The story behind: All Creatures of Our God and King

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The hymn “All Creatures of Our God and King” has a rich history that dates back several centuries. It is based on a medieval hymn called “Canticle of the Sun” or “Cantico di Frate Sole” in Italian, which was written by Saint Francis of Assisi around the year 1225. Saint Francis, a Catholic friar and preacher, is widely known for his love and appreciation of nature.

The original text of “Canticle of the Sun” was written in the Umbrian dialect of Italian and was not meant to be sung as a hymn initially. It was a poetic prayer expressing Francis’ profound gratitude and reverence for God’s creation. The hymn praises God for the beauty and harmony of the natural world, attributing various aspects of creation to the glory of God.

Over time, the words of “Canticle of the Sun” were translated into different languages, including English, and eventually set to music. The most popular English translation was made by William Henry Draper in 1919. Draper’s translation, which closely follows the original text, became the basis for the hymn “All Creatures of Our God and King” as we know it today.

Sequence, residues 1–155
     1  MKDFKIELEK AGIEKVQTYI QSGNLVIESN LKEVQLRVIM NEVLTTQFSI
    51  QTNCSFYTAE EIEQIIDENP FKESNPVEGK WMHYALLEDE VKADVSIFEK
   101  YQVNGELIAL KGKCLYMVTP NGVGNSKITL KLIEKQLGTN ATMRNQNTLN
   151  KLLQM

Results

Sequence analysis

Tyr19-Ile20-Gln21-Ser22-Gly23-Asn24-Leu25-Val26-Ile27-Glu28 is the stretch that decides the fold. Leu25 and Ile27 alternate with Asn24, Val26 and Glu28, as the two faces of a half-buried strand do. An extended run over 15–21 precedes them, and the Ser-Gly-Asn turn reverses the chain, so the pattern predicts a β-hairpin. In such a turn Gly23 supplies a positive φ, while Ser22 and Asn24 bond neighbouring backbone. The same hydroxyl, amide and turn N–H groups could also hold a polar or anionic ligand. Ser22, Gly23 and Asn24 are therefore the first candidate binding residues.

The hymn’s melody, known as “Lasst uns erfreuen,” is a traditional German tune that was first published in a hymnal called “Geistliche Kirchengesänge” in 1623. This melody was later paired with Draper’s English translation, creating the familiar hymn we sing today.

“All Creatures of Our God and King” has become one of the most beloved hymns in the Christian tradition, celebrated for its joyful and exultant praise of God’s creation. It continues to be sung in various Christian denominations and has been recorded by numerous artists over the years, cementing its place as a timeless hymn of worship and gratitude.

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The story behind: All Creatures of Our God and King sheet music

The story behindAll Creatures of Our God and King

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